Thanks for having me as the official wine pairing pro for DinnerwithDaniel blog, looking forward to many fun matches! As a wine and food professional, I always like to break down pairings into simple component parts: originating region of cuisine, cooking technique, balance of flavors and spicing, the body of the dish, and the seasonality of the dish are all major points to consider.
So here’s my breakdown of pairing for Tortilla de Patata:
Region: Spain – this dish is prepared in various ways in Spain and is a common and traditional tapas (small plate).
Cooking Technique: this dish is cooked in oil and then sautéed. Depending on the cooking heat, there can be some caramelization of the onions and browning of the potatoes and eggs. Daniel tried to make this a very simple preparation of the dish (I’ve seen a recipe where the onions are slowly caramelized for 40 minutes, but you need so much patience!) and the sweetness from caramelization is minimal – so it’s not really a factor.
Balance of Flavors and Spicing: think fat, and lots of good fat of the olive oil kind! Fat coats your palate and adds richness and mouth feel to a dish. This is especially significant when you add rich eggs to the dish–now you can pair a red wine with low to medium tannins and the fat will offset them. The blend of herbs make the dish more flavorful, and Rosemary tends to be a red wine herb, but this really depends on personal preference. Traditionally this dish has smoky Spanish Paprika added which adds a “smoky” component, but Daniel didn’t do so in this recipe so it’s not a factor.
The Body: this dish has quite a bit of richness and body from the oil, the cooking technique and the eggs. I consider this dish medium-bodied in flavor because the olive oil and eggs add weight, but there is no red meat, mushrooms or rich vegetables like eggplant to move it up a notch on the richness level – it’s not meant to be a heavy dish (try this dish for breakfast the next day after sitting in the fridge overnight, it sure beats an Egg McMuffin!).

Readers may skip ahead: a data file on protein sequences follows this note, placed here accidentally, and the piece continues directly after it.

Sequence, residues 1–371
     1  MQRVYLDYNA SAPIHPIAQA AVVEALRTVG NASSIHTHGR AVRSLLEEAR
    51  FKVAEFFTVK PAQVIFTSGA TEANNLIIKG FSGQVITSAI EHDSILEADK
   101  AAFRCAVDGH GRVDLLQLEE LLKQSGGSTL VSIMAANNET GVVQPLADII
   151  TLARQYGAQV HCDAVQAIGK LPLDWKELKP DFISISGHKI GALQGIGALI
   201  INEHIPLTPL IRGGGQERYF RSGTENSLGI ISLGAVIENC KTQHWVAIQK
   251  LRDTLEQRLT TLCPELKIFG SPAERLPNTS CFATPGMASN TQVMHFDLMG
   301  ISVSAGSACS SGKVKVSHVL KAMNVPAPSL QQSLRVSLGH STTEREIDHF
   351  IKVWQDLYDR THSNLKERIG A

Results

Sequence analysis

Other factors: This is an all-season dish and none of the flavor components are overwhelming such as sweetness, acidity or spicing.
Wine Pairing conclusion: after breaking down the dish (and becoming famished in the process!), I would pair this dish with a medium bodied white or red wine, and I would try to stick with the region of Spain. Tempranillo is a red varietal that is relatively inexpensive and with low to medium tannins would be excellent, this is in fact what Spaniards would most likely drink with the dish, there are many good ones produced in Rioja, Ribera del Duero and Toro. On the white wine front, an Albariño from Rias Baixas in the North west of Spain would be excellent, but since I consider this dish an excellent brunch food, a wonderful dry or off-dry Cava (sparkling wine) from Penedès in eastern Spain would work great as well. Some fun alternatives would be Cabernet Franc from Virginia, Tempranillo from California, Malbec from Argentina, Sangiovese from Italy and Pinot Noir from Oregon or Burgundy. The only wines I would shy away from are “oaky” Chardonnays and overly rich red wines like Cabernet Sauvignon or Australian Shiraz. This dish is simple country fare and the wine paired should be rustic and inexpensive – there’s no reason to spend more than $20 a bottle or so.
Consider yourself Paired!
Charlie Adler, Author
“I Drink on the Job” (Release date: January, 2010)
http://www.idrinkonthejob.com Twitter: @idrinkonthejob
Author of “I Drink On the Job”
Early 2010 Release